When I was a teenager my mother decided I needed to learn how to wear makeup. I was resistant to the idea but my mother persisted and arranged for a Mary Kay rep who went to our church to give me a makeover. “You’ll want to wear makeup soon enough and when you do I want you to know how to put it on so you don’t wear too much.” The makeover was my mother’s way of getting ahead of any ambition I may have developed to wear royal blue eye shadow. The makeover resulted in age-appropriate muted shades of peach and lavender.
Except for one year in San Francisco where I wore no makeup and anything North Face, makeup has become part of my going-out-of-the-house (except to the gym) routine. “Why wouldn’t you always want to look your best?” my mother would say. She has a valid point. A recent study found that women who wear makeup (tastefully, as mother would approve) are perceived as more likeable and competent than women who wear none.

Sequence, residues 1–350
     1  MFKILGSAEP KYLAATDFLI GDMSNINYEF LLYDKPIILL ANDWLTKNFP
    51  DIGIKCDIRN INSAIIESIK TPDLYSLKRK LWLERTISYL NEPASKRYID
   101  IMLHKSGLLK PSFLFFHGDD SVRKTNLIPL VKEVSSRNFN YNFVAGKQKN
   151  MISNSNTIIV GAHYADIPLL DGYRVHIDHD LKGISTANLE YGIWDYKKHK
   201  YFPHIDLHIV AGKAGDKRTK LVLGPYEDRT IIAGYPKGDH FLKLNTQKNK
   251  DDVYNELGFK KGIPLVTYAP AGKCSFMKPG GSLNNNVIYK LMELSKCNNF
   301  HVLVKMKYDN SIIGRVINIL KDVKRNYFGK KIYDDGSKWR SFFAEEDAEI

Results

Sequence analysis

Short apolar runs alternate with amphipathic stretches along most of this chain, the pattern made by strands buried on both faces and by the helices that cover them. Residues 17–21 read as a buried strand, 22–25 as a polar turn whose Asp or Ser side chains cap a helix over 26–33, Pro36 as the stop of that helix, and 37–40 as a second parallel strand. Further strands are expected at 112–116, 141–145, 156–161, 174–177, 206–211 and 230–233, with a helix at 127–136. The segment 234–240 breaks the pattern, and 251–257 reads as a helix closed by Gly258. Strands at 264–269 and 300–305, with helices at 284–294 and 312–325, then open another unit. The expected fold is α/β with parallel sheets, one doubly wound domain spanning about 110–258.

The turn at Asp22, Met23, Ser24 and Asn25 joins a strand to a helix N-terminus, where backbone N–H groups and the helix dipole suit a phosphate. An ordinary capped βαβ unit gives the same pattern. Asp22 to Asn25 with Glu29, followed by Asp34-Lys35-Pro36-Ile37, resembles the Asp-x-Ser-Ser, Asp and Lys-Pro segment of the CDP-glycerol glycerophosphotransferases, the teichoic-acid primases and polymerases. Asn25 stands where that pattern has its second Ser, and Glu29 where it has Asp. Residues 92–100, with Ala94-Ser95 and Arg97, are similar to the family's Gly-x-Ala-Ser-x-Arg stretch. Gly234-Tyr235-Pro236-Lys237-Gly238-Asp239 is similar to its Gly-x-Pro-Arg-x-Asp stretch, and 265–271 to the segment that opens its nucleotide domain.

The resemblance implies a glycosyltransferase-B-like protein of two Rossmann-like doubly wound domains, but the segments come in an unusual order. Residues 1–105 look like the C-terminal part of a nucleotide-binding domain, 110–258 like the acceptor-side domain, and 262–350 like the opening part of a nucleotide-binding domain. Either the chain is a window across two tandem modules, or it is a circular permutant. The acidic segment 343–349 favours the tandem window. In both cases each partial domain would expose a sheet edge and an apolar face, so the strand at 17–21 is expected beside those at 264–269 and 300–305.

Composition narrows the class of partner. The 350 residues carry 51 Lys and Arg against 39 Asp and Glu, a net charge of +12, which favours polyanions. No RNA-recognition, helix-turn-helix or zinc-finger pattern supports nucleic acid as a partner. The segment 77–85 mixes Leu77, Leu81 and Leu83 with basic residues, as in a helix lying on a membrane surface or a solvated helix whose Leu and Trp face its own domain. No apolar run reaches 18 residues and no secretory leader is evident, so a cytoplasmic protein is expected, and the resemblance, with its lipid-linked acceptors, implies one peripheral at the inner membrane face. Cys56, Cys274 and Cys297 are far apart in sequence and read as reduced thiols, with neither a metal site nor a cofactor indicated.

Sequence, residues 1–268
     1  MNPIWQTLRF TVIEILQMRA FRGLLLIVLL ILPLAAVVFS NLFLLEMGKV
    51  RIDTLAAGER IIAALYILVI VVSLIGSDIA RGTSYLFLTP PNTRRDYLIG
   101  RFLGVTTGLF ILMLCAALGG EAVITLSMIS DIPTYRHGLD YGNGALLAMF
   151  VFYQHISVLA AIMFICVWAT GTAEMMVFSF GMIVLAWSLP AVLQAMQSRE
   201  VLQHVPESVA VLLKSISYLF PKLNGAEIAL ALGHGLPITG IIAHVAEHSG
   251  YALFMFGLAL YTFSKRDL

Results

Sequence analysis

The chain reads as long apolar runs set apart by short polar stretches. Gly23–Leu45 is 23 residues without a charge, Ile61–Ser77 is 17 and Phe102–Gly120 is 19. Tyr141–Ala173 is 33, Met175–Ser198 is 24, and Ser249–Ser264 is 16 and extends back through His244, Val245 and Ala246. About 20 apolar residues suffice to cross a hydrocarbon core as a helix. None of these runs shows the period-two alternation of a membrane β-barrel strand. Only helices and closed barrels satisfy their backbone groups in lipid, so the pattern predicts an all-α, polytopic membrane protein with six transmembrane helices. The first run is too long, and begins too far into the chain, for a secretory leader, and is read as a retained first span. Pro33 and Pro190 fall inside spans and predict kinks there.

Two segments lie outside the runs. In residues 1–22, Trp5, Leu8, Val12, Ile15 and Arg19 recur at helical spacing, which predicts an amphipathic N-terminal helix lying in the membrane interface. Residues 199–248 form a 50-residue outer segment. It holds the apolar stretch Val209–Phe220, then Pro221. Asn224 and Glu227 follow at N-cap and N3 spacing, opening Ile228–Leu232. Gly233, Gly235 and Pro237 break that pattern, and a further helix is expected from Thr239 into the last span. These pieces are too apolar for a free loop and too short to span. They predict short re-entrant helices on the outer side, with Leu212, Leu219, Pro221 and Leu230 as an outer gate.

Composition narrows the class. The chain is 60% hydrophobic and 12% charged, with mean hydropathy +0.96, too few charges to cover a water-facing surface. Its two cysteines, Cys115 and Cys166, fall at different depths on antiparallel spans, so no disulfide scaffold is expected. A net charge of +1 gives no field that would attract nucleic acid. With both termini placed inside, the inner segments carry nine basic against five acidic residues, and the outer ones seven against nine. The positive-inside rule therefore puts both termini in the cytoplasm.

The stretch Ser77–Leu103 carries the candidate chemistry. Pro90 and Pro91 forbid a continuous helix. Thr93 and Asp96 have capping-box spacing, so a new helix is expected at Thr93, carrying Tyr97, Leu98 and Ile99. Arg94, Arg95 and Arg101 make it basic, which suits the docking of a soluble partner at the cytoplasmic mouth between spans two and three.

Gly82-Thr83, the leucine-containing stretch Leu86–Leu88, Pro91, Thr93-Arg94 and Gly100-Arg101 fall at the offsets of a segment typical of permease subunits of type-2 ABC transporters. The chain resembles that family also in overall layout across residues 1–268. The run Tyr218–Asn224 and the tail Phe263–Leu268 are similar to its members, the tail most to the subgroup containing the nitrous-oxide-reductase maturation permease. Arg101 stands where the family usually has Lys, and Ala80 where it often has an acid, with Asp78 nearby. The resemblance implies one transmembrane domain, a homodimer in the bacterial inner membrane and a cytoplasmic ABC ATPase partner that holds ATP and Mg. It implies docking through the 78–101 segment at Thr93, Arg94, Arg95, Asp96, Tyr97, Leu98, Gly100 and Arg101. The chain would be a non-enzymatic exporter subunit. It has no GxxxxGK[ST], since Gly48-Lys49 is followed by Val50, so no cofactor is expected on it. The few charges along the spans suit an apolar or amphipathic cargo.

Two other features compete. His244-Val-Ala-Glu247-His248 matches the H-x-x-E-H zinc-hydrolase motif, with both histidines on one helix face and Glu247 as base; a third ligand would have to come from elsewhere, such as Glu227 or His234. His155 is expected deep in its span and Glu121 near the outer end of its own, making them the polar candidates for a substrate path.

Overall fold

One hundred forty-nine individuals, men and woman, were shown pictures of 25 woman ages 20 to 50 from multiple ethnicities. The pictures featured each woman without makeup, with a natural look (some makeup), a professional look (more makeup), and a glamorous look. Regardless of the length individuals could examine the pictures (from 250 milliseconds to an unlimited time) the woman with makeup, even those with the glamorous look, were perceived as more competent.
This finding could lend itself to a conversation about the culture and the expectations put upon woman from which men are exempt. It could also lend itself to a better understanding and acceptance of the current culture. There isn’t a right or wrong in many of the choices we may make, but there is a consequence.